The night he retires as a Nevada sheriff, Jerry Black pledges to the mother of a murdered girl that he will find the killer. Jerry doesn't believe the police arrested the right man; he discovers this is the third incident in the area in the recent past with victims young, blond, pretty, and small for their age. So he buys an old gas station in the mountains near the crimes in order to search for a tall man who drives a black station wagon, gives toy porcupines as gifts, and calls himself the wizard: clues from a drawing by the dead girl. Jerry's solitary life gives way to friendship with a woman and her small, blond daughter. Has Jerry neglected something that may prove fatal? Written by
Unsatisfying endings usually make for box-office bombs and I suspect this one bombed, too. I don't particularly care for them, myself. I'd rather feel good at the end of the film, but I really liked this movie in a strange kind of way. It's weird but it's original and it stayed with me for several days afterward. On the second viewing, knowing what to expect, it didn't haunt me but it was worth that second look....and probably a third one in a few years, too. I didn't care for some of the anti-Christian tones in here, however. That is my only complaint of the movie. A key character - a minister - is made to look evil (typical film-world bias).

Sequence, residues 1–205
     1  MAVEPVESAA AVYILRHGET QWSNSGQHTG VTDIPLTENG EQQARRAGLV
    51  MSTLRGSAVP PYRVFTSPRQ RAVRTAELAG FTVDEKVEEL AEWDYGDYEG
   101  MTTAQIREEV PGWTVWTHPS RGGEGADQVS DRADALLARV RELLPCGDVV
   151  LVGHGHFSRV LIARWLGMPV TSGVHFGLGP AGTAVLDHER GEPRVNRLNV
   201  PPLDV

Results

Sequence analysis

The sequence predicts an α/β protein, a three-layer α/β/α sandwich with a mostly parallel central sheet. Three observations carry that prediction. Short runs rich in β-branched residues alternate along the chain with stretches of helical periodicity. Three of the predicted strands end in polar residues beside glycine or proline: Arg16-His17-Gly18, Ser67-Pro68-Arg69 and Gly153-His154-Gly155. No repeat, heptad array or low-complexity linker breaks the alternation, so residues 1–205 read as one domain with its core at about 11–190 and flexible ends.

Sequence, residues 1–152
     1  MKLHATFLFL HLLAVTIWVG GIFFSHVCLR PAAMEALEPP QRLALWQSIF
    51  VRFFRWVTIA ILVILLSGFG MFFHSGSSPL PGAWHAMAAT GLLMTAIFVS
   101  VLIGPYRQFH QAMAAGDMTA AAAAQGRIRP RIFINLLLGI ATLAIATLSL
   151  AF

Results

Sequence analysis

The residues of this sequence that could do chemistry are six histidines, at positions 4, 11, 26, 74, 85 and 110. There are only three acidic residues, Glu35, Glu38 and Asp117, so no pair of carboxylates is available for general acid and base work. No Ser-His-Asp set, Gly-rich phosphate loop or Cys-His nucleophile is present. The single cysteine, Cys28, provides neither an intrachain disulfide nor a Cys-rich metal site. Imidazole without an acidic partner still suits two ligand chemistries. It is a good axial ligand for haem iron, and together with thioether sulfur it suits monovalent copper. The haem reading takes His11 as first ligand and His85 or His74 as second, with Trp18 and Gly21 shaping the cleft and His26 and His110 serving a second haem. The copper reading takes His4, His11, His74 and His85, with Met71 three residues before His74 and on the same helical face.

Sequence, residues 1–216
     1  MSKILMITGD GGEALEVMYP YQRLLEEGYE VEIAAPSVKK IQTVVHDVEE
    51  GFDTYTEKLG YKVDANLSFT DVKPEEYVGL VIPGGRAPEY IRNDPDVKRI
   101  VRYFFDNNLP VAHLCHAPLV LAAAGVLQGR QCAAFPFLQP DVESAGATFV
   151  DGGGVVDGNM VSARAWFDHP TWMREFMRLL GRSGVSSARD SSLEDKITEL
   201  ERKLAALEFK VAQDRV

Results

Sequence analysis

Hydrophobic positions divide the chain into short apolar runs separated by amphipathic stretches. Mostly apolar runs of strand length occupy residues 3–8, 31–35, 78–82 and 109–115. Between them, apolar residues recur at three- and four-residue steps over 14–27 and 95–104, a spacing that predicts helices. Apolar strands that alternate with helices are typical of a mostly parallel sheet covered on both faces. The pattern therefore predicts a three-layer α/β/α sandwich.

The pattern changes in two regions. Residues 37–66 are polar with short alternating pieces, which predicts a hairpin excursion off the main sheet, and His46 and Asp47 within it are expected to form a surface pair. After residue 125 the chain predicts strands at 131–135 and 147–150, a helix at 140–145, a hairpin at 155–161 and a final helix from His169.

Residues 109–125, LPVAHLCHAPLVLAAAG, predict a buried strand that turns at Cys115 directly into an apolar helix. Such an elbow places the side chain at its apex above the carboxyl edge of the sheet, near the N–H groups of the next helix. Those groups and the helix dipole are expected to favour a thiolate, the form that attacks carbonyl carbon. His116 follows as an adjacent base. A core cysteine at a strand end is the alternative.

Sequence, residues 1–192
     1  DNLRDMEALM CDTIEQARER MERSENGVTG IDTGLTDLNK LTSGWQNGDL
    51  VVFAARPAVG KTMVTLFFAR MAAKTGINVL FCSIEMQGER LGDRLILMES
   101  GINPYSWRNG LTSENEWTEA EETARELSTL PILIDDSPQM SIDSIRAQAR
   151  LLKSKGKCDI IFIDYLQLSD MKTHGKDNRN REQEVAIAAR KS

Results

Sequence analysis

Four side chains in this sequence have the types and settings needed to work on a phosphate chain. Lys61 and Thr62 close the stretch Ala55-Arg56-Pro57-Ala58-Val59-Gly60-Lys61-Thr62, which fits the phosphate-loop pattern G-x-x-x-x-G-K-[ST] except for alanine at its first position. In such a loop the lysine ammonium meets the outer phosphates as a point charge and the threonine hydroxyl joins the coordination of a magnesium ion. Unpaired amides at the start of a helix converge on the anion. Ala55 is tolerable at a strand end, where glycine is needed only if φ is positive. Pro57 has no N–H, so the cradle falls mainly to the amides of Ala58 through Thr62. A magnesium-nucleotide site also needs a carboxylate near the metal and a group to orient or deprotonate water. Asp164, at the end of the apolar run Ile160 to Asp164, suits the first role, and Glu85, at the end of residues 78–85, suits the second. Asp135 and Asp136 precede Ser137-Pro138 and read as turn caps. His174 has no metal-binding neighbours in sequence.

The rest of the film has a lot to offer: a great performance by Jack Nicholson; a very nice music score; good cinematography; interesting characters and a different, almost-shocking twist at the end.
The best part of the film is Nicholson. As usual, Jack is very interesting, playing a low-key role here. The story might be too slow for a lot of folks but it kept my interest all the way. On the second viewing, I appreciated the music even more - a great soundtrack!
If you are looking for a crime film that is different, check this out, but don't blame me if you don't like the ending.
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